It was while I was in Abuja that I lost my innocence about the consumption of Indian hemp in Nigeria. I lived in a neighborhood that was just coming up. It was basically a huge construction site and the completed buildings were all new, most of them unoccupied except for the ‘mai guard.’
Going further inside the area beyond the foundations are bushes waiting to be cleared. Every evening, I noticed expensive cars heading towards that direction. Every day, the same cars.
It got me wondering. It wasn’t as if they were going there to inspect their building projects.
By now you would have guessed correctly that the men needed the relative privacy of that ‘bushy’ area to smoke their Indian hemp in peace.
Almost all of them were top civil servants, businessmen or contractors. A neighbor who knew about what was going on gave me the low down about these men.
It was a big shock to me because I’d always thought only adventurous young men, miscreants and criminals smoked it.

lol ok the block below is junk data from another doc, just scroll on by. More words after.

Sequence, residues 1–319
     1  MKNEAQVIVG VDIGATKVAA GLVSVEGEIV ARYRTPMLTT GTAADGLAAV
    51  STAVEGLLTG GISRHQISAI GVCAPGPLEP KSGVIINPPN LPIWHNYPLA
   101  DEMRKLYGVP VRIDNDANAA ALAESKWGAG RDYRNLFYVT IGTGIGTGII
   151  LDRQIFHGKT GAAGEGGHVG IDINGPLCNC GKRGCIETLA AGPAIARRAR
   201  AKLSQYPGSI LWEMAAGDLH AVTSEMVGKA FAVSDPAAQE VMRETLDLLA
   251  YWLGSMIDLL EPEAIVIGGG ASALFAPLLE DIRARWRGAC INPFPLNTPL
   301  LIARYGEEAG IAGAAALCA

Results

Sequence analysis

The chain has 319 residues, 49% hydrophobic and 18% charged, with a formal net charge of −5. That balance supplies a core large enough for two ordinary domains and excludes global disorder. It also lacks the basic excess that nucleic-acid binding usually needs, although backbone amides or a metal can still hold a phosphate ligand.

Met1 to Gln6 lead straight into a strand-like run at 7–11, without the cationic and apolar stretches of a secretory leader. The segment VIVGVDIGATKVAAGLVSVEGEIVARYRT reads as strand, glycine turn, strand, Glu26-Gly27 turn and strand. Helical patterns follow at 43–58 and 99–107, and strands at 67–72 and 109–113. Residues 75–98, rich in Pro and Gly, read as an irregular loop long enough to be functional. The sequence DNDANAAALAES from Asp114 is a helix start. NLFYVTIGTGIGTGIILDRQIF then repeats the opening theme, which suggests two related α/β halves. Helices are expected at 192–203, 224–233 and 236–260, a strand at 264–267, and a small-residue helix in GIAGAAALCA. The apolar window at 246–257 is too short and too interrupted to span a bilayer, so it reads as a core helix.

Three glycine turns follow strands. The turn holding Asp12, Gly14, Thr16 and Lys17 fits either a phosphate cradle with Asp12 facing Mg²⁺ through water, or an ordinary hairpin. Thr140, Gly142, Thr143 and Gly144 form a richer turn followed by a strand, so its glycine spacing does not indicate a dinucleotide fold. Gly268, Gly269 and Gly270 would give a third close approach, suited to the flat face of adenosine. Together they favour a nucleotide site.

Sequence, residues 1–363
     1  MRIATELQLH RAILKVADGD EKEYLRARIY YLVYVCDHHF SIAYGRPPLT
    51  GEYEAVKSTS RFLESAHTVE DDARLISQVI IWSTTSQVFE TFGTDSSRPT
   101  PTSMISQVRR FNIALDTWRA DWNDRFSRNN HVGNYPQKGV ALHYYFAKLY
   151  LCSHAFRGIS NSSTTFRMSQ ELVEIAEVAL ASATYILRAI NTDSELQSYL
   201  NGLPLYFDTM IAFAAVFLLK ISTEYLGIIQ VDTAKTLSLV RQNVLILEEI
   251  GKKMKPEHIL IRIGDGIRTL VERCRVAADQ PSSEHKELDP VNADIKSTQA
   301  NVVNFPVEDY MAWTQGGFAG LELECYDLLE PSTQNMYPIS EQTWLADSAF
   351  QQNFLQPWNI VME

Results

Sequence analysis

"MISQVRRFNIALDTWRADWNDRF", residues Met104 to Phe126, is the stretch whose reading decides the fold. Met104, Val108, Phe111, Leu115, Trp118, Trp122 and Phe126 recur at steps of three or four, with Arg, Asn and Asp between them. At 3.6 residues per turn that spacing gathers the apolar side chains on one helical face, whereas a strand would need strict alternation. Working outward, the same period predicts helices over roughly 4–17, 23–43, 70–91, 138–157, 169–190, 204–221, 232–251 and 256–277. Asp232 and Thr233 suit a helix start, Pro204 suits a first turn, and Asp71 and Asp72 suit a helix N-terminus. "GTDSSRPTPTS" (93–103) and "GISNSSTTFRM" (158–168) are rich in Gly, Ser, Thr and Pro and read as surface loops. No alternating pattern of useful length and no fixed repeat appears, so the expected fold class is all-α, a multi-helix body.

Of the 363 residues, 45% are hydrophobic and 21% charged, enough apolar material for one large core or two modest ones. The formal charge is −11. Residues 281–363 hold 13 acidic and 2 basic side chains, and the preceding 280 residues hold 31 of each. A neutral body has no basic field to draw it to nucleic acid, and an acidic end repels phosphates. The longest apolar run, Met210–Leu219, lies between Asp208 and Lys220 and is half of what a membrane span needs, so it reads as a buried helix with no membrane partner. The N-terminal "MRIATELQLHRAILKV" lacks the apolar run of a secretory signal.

I have since found out that a large swathe of the population indulges in it. Most times, just for leisure. Heck, many people even use it to cook all kinds of foods.
In other words, the consumption of Indian in Nigeria is an open secret. But it is a criminal act.
Indian hemp, also known as Cannabis, goes by different names in Nigeria. What it’s called largely depends on the location of the country.
You can hear names like igbo, kanya, weed, wee-wee, and so on. Internationally, it is known as Cannabis, marijuana or Indian hemp.
The harmful effects of the drug are well known. As a matter of fact, Indian hemp is one drug whose effect on both the physical and mental state of users is most known compared to other drugs. That could be because of how common and how easy it is to get them.
On the flip side of the coin, many of those who use it claim the benefits of using or smoking it outweigh the harm it could cause by a long shot.